It has been a while since Iʻve written anything here and in the meantime Iʻve been elected to serve on our County Council – the local legislative and oversight body for our island of Hawaiʻi.
Yesterday the Council received a presentation by the narcotics unit of our police force on the presence of fentanyl in our communities. It was a grim discussion of course. The lethal dose of fentanyl is so minute that the police fear for their lives simply investigating crime scenes involving drugs of any kind. They asked for better protective gear to wear in such situations – basically hazmat suits.
The police officer in charge of the narcotics unit described how most fentanyl is manufactured in China, then shipped to Mexico to smuggled over the border into the US, and then brought into Hawaiʻi. A lethal doze of fentanyl is 2 milligrams and the amount of fentanyl apprehended by the police in the last year was enough to kill every resident of the island. And that is just what was apprehended.
It is a sad and horrifying situation, but it is also a strange kind of supply chain to contemplate – this axis of China and Mexico in supplying a drug of such potency to illicit drug consumers in the US. (Not all of whom sign on for fentanyl, as it is increasingly used to lace every other “recreational” drug, even relatively innocuous drugs such as marijuana.)
Chemical analysis of seized fentanyl can be linked back to a particular province in China, we were told. This degree of specificity – this tracking back into the Chinese province – makes me think of the Opium War in of the mid 19th century in which England used military force to maintain its market for opium in China, bombing Chinaʻs port cities with warships, seizing Hong Kong, and even attacking the capital city of Beijing , including the desecration and occupation of its imperial palaces. The Chinese government of the time was weak and corrupt. Civil wars in which tens of millions of people perished attempting to overthrow, or defend, the imperial order were happening contemporarily. It was a bad situation, made worse by the English and French military forcing the Chinese to legalize the opium trade.
This is not to justify the manufacture and export of illegal fentanyl in China, but the echoes of history are hard to ignore. It is not impossible, given the deterioration of relations between China and the Us, that the over-production of fentanyl is tacitly condoned. That there is even a bit of fentanyl war being waged. It is a strange world we live in, truly.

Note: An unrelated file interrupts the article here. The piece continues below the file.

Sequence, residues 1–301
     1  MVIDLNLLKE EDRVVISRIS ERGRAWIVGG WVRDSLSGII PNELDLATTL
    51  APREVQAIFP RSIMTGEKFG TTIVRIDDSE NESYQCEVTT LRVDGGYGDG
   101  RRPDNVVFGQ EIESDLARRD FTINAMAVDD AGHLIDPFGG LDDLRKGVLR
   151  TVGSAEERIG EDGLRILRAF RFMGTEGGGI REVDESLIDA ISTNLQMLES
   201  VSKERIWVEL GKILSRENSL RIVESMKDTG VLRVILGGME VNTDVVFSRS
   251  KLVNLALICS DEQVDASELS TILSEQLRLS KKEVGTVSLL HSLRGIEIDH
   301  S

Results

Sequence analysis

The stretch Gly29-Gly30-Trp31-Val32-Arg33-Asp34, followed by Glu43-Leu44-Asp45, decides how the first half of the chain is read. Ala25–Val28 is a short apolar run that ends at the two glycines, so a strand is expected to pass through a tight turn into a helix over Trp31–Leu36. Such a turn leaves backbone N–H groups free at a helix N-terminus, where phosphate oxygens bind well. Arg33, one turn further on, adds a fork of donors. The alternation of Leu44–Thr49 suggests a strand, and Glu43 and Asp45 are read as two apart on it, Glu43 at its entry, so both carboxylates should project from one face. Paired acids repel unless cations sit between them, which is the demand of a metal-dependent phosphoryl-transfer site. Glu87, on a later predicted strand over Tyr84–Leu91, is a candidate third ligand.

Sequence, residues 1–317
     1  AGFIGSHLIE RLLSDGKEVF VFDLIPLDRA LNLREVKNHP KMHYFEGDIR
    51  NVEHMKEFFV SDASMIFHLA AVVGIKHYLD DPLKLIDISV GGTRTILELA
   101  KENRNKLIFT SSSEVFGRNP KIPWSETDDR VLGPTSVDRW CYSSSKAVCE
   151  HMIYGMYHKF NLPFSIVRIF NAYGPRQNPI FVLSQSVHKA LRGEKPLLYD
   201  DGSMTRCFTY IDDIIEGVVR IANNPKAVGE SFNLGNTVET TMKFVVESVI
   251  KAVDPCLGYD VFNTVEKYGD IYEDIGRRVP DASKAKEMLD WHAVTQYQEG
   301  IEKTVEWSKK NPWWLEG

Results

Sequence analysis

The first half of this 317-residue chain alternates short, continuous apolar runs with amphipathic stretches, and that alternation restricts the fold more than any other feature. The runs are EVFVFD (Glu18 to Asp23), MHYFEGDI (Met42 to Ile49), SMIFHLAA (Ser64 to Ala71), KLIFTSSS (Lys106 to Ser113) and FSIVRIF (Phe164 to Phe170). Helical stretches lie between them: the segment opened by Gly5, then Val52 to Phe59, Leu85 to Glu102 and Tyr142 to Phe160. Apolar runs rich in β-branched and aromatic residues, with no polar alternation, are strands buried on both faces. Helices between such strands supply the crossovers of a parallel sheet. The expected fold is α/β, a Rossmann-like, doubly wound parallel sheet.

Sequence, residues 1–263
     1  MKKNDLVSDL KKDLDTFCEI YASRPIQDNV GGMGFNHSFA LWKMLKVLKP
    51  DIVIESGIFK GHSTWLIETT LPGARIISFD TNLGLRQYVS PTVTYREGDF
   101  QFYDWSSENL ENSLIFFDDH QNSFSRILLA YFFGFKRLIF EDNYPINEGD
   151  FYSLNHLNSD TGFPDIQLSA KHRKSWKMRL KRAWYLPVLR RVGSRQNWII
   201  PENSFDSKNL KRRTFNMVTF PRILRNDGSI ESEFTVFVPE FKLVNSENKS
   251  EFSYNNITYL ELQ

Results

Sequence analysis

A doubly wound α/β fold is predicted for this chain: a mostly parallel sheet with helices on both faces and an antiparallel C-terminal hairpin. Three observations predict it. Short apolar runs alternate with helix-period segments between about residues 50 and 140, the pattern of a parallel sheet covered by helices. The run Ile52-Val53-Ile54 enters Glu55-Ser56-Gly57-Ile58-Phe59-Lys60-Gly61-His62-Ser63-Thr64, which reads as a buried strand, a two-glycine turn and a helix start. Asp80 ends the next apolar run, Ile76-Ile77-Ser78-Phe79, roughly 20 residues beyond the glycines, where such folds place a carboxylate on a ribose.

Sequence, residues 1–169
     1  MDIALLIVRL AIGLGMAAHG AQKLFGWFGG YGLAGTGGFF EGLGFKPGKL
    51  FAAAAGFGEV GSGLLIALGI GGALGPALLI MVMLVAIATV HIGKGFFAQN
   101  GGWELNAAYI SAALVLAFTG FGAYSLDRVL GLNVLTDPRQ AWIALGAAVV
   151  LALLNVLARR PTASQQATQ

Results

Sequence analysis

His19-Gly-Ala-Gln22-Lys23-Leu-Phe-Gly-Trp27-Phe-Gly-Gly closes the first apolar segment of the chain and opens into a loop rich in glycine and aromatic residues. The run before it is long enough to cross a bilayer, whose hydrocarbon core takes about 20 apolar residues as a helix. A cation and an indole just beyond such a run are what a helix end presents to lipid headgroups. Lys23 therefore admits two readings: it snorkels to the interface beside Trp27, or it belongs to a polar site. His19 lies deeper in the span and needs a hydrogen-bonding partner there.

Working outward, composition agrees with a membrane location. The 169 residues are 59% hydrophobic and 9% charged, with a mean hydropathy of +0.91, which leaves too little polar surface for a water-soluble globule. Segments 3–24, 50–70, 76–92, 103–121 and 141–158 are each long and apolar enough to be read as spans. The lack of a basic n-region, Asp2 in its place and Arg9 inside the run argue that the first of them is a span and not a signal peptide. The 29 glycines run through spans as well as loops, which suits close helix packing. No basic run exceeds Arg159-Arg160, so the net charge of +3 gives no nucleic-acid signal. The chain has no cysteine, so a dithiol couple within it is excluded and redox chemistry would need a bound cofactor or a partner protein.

8 Replies to “Fentanyl and the New World Order”
Congratulations on your new posting! (The role, not the text above).
I’d be interested to know, given the meeting you attended was about drugs, if there was anything about root causes, and not continually trying to seize the supply, but to reduce demand, a la Portugal.
Thank you! And thanks for commenting.
Not as such, however there is a doctor/politician on island who is running a vigorous campaign of education and harm reduction. It would seem to me that the well-documented dangers of fentanyl would reduce demand in and of itself. But I know that I am being naive in saying so.
I was thinking more about the more fundamental reasons of why people seem to fall in to addiction on a societal level. I’ve not read this book but have read several similar articles. Many drugs are dangerous and have deadly overdose potential, it would not surprise me that users of fentanyl would knowingly use it anyway. I’ll reach research more about this when I have time, after my morning bottle of wine.
I got a good chuckle out of your last line, “…after I’ve had my morning bottle of wine.” I agree that legal and illegal drugs are an interesting subject. Growing up with parents who were both addicts (father, alcohol…mother, narcotics) and watching two siblings struggle with addiction I’ve given the matter much thought. Certainly there is a place for consuming mind altering substances including coffee, wine and spirits, even tobacco. I support the legalization of marijuana. I tend to think that safe user spaces for even illegal drugs would be far less expensive than the way we currently rely on emergency services to deal with overdoses.